While your bag holder is an item of motor vehicle equipment, NHTSA has not issued any standards for such an item. However, you as a manufacturer of motor vehicle equipment are subject to the requirements in sections 30118-30122 of Title 49 of the U.S. Code concerning the recall and remedy of products with defects related to motor vehicle safety. In the event that the manufacturer or NHTSA determines that the product contains a safety related defect, the manufacturer would be responsible for notifying purchasers of the defective equipment and remedying the problem free of charge.

Although no standards apply directly to the bag holder, there are other provisions of law that may affect the manufacture and sale of your product. NHTSA has issued a safety standard (Standard No. 201, Occupant protection in interior impact) that requires, among other things, that seat backs have a certain amount of cushioning to provide protection when struck by the head of rear seat passengers during a crash. Installation of your product on the back of front seats could have an impact on compliance with that standard. If your bag holder were installed so that a hard object (e.g., the rigid plastic hook) were to be struck by the occupant's head, the requisite amount of cushioning might not be achieved. We do not know how big or how "rigid" the hook is, but it is something of which you should be aware.

Other legal requirements could apply depending on how your product is marketed. If your product were installed by a vehicle manufacturer as original equipment, the vehicle manufacturer would have to certify that the vehicle with the bag holder installed complies with all FMVSS's, including Standard No. 201. In addition, although we recognize it would be unlikely that your product would be installed by a motor vehicle manufacturer, distributor, dealer or repair business, section 30122(b) of title 49 prohibits those commercial businesses from "knowingly mak[ing] inoperative any part of a device or element of design installed on or in a motor vehicle ... in compliance with an applicable Federal motor vehicle safety standard . . ." For instance, compliance with Standard No. 201 might be degraded if the bag holder were mounted in front of rear seat passengers. Any violation of this "make inoperative" prohibition would subject the violator to a potential civil penalty of up to $1,000 for each violation.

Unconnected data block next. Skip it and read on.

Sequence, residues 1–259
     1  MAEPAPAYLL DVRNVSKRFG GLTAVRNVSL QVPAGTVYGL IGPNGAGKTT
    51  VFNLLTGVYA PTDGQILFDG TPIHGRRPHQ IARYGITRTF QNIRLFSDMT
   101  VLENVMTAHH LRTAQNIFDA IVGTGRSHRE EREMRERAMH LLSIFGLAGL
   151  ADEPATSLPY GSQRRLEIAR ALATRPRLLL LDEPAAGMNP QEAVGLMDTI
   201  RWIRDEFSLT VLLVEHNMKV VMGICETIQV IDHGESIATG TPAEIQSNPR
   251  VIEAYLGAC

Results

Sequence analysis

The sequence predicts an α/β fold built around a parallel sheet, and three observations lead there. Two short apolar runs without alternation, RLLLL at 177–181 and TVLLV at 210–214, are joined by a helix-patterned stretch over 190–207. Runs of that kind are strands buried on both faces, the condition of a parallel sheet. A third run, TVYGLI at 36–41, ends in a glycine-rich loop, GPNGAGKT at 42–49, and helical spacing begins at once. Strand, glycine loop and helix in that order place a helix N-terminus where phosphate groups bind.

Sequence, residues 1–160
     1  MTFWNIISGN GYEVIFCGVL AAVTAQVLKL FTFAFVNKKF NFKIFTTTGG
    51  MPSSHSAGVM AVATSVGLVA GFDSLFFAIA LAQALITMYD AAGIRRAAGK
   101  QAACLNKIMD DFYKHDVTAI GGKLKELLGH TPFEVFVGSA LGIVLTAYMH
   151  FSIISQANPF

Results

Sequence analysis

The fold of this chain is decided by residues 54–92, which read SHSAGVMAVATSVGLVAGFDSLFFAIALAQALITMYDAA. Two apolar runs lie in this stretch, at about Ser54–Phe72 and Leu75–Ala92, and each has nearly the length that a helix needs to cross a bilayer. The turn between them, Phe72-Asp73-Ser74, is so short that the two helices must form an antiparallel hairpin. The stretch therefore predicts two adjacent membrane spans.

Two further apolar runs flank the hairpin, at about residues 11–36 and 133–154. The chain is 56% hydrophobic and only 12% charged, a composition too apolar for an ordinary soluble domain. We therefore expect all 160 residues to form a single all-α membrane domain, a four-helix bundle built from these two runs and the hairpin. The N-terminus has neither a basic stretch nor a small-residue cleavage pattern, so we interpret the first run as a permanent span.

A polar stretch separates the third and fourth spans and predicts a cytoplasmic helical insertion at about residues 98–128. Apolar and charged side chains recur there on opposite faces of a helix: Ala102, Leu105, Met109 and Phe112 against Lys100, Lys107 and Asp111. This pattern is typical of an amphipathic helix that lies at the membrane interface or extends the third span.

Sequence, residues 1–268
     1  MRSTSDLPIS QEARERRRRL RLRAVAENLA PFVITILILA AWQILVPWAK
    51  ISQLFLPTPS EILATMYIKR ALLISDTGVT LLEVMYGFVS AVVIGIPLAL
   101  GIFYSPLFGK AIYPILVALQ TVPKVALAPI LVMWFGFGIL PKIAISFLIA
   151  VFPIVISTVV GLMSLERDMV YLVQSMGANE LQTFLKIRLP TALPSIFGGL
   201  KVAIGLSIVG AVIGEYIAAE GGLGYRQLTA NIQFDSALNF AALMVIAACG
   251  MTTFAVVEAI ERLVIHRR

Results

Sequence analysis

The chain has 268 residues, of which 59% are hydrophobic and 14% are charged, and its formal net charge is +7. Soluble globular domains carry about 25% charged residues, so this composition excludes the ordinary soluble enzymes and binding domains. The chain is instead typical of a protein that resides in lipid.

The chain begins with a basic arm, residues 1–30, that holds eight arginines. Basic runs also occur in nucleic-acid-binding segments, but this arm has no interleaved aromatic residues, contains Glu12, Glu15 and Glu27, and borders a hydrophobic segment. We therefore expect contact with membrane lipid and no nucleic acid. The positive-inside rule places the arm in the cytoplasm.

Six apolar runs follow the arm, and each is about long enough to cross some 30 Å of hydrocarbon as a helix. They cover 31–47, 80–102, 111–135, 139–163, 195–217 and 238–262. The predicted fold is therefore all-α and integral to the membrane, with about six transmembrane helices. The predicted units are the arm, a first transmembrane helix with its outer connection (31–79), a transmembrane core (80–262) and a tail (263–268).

The "make inoperative" prohibition does not apply to modifications that vehicle owners make to their own vehicles. Thus, Federal law would not apply in situations where individual vehicle owners install your bag holder in their own vehicles, even if the installation were to result in the vehicle no longer complying with the safety standards. However, NHTSA encourages vehicle owners not to degrade any safety device or system installed in their vehicles. In addition, individual States have the authority to regulate modifications that individual vehicle owners may make to their vehicles, so you might wish to consult State regulations to see whether your device would be permitted.

I hope this information is helpful. If you have any further questions about NHTSA's safety standards, please feel free to contact Mr. Atelsek of my staff at this address or by telephone at (202) 366-2992.


Philip R. Recht Chief Counsel